21 October 2013

Mark Tobey at Thomas Williams

Leaving the George Grosz exhibition at Richard Nagy, I went into the Thomas Williams gallery in the same building to look at an exhibition of works by Mark Tobey (1890-1976). New York Abstract Expressionism, which dominated US painting from the mid-1940s through the 1960s, is not something which I’ve posted about (except, in passing, on Lichtenstein), or have much appreciation of. But the gallery’s catalogue, written by Thomas Williams and Hannah Tuck, proved to be extremely informative, pointing out that a poll of leading art critics in 1966:
… put Tobey as one of the six most important living artists, with Picasso, Miro, Ernst, Chagall and Bacon.
They describe Tobey’s contribution to Abstract Expressionism:
There is no doubt that when he returned to the U.S. at the end of the 1930s, Tobey was far ahead of his contemporaries. The ‘white writing’ that he had developed in England in 1935 was the first realisation of 'all-over' painting, which later became a central tenet of Abstract Expressionism, and whose most famous exemplar was Jackson Pollock. 
… lt was Tobey who provided for Pollock the final piece of artistic information that enabled him to complete his own journey towards ‘all-over’ Free Form or Abstract Expressionism. His paintings had none of Tobey's careful and quiet descent from calligraphy, and their execution was violent and brash by comparison. Pollock made the significant choice greatly to increase the scale of Tobey's images, so that they were no longer easel paintings - an entry requirement for avant-garde art in New York in the late 1940s. Nevertheless, the revolutionary core of Tobey's work, the dramatic break from artistic norms of figuration, perspective, space, form or even the composition of abstract shapes, and their replacement with paintings that had neither focal point nor boundary - that dazzling step into a territory that even Picasso and Matisse had not dared to enter - was Tobey's achievement and Tobey's gift to Pollock, de Kooning and others who followed in New York and elsewhere.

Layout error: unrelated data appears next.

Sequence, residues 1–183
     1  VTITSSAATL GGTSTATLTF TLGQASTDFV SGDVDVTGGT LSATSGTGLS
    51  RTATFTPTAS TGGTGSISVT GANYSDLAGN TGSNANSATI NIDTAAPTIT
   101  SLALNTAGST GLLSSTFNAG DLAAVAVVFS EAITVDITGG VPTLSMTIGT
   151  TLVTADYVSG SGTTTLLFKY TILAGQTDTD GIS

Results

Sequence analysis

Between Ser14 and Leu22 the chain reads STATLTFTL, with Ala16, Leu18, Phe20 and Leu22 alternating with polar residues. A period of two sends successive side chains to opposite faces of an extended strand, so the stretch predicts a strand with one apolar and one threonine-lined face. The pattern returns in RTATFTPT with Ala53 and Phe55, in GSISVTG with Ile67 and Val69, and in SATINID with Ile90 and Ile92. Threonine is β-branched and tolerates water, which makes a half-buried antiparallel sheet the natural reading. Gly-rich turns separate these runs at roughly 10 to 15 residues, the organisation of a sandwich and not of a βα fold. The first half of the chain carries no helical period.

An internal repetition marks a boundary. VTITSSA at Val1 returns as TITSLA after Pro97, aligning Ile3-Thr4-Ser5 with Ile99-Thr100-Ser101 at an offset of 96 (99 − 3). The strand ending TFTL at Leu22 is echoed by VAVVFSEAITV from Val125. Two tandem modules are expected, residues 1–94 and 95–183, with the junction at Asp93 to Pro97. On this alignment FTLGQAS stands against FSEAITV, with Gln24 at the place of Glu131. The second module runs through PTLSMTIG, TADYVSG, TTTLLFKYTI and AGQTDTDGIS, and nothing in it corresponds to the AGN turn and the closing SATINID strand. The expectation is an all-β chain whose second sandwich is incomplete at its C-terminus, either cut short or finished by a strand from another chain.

The exhibition includes an example of ‘white writing’, Untitled 1954 (above), and the pieces on show all seem to be from that period or later, but it was the account of his time in England in the 1930s which interested me, particularly given the nominal pre-occupation of this blog. During this period Tobey was based at Dartington Hall (Devon, SW England) having been invited by the Elmhirsts to join their arts centre:
Once at Dartington, he was given a splendid teaching studio in the gatehouse of the Hall and became acquainted with the other residents. These included Henry Moore, Cecil Collins, Bernard Leach, a pioneering ceramicist … 
… Tobey also made forays to London, a journey of considerable inconvenience, where he was introduced to two of the most advanced and considerable English artists at that time, Ben Nicholson and his lover, Barbara Hepworth. 
… ln 1934 three new and extraordinary pupils arrived at Dartington, Lucian, Clement and Stephan Freud, the grandsons of Sigmund Freud. For the next four years Tobey was thus able to engage with the early artistic development of Lucian.